Kate Linde, who graced television sets in many homes on a CBS affiliate in the Midwest, has now tuned into Payson and taken an active role in the community.
"I always thought that to be on television, you had to start in New York or Los Angeles, but you would be surprised by the size of the market in the Midwest," said Linde, who was raised in Superior, Wis.
From painting and drawing to taking center stage in children's theater productions as a young girl, the arts has always played a large role in Linde's life.
After attending the University of Wisconsin at St. Olaf for two and a half years, Linde married and began her television career.
"Talent comes from different areas," Linde said, "and sometimes it is a short, fat man coming up to you and offering you a job on TV."
That unexpected opportunity helped her develop a "say yes" motto. She was given her own Oprah-style show five days a week, broadcasting in Michigan, Minnesota, Wisconsin and Canada and covering local affairs live on daytime television.
"We had people (on the show) who did marvelous things," Linde said.
Featuring people ranging from Ice Capades skaters to columnists covering the Watergate scandal, her show encompassed it all.
In 1975, Linde was listed in the Outstanding Young Women of America, a hardback publication presenting a biography on each young woman.
"And I am still amazed," she said.
Unaware of how to make the transition to a larger market and anxious to spend more time raising her two daughters, Linde got out of the media business after nine years, and into the fashion industry, opening her own clothing store.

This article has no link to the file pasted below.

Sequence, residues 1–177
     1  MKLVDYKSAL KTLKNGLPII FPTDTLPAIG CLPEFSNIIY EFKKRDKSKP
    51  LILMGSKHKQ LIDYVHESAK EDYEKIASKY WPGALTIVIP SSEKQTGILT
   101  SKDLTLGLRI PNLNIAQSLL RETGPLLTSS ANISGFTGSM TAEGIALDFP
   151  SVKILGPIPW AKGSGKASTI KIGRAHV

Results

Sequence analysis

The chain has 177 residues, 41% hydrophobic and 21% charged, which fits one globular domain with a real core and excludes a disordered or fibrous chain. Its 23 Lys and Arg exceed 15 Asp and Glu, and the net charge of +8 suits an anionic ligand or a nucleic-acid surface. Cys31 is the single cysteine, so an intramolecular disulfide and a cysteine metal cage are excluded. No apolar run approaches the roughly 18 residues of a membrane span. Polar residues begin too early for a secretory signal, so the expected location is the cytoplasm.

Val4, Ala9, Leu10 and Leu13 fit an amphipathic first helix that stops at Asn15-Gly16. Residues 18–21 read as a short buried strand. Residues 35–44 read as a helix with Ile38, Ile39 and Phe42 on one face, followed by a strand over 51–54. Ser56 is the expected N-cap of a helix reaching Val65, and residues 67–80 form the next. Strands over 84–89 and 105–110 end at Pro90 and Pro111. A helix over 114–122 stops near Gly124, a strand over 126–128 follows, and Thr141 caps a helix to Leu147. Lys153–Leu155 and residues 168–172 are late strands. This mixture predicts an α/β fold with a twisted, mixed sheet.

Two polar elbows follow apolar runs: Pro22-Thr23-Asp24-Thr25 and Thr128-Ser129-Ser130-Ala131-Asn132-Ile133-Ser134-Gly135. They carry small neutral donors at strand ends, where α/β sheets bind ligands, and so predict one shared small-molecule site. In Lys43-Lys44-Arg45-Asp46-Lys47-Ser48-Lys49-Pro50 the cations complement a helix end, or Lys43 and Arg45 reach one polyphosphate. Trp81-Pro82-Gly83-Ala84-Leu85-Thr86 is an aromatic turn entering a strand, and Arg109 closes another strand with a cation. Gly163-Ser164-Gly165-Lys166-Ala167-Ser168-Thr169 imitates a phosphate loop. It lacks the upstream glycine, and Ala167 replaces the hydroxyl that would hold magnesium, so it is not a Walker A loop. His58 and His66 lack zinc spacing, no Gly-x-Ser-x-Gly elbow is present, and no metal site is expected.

In 1983, she moved to Denver, where she worked in sales and management in the jewelry industry. She continued working with jewelry when she moved back to Minneapolis in 1989.
In Minneapolis, Linde met her second husband, Chuck Hulse, while she was working as a partner in an art gallery.
It was in Denver, however, that Linde "fell in love with the West."
Payson seemed the natural choice when Linde and Hulse, now married for six years, were looking for a new place to live. The town met his golfing requirements and her desire to live in a beautiful setting.
Linde, nicknamed the energizer bunny by her friends, wasted no time getting involved with the community.
After just seven months in Payson, she is working with a group of women to host a fund-raiser for Whispering Hope Ranch, a place where animals and people come together for healing.
The event will be a day-concert Sept. 9, featuring the music of Randy Sparks, Affinity, the Ink Spots and more. All proceeds will benefit the Whispering Hope Ranch, a cause Linde said she firmly believes in.
Linde has accomplished many things in her 53 years, but she said her greatest feat "is the process of gaining knowledge and wisdom with age.
"It is worth anyone's time and energy," she said. "You don't learn anything when you talk, but if you stop and listen, you gain so much."